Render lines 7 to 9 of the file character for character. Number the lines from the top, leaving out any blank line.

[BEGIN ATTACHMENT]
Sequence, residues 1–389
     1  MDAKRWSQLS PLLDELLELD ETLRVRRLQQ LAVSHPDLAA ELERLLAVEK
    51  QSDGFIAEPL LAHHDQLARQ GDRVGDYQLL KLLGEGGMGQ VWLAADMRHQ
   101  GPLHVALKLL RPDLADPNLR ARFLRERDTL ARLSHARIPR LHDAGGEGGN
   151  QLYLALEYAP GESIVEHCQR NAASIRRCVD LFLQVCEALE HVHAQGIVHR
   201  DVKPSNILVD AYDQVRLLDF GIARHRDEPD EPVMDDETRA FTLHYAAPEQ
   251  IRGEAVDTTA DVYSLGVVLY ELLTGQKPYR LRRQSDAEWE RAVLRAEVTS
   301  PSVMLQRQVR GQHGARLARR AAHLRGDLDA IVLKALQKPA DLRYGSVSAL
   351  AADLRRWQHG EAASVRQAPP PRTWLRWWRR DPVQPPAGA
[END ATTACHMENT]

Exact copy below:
   251  IRGEAVDTTA DVYSLGVVLY ELLTGQKPYR LRRQSDAEWE RAVLRAEVTS
   301  PSVMLQRQVR GQHGARLARR AAHLRGDLDA IVLKALQKPA DLRYGSVSAL
   351  AADLRRWQHG EAASVRQAPP PRTWLRWWRR DPVQPPAGA